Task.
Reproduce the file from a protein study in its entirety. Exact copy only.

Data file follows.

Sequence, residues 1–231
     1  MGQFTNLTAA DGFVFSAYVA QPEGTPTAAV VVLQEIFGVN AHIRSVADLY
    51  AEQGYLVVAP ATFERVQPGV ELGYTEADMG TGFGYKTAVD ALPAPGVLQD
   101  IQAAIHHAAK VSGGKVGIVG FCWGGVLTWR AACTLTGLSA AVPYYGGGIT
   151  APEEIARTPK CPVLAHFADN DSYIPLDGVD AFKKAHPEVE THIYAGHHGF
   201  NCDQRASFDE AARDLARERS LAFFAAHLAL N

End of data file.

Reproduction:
Sequence, residues 1–231
     1  MGQFTNLTAA DGFVFSAYVA QPEGTPTAAV VVLQEIFGVN AHIRSVADLY
    51  AEQGYLVVAP ATFERVQPGV ELGYTEADMG TGFGYKTAVD ALPAPGVLQD
   101  IQAAIHHAAK VSGGKVGIVG FCWGGVLTWR AACTLTGLSA AVPYYGGGIT
   151  APEEIARTPK CPVLAHFADN DSYIPLDGVD AFKKAHPEVE THIYAGHHGF
   201  NCDQRASFDE AARDLARERS LAFFAAHLAL N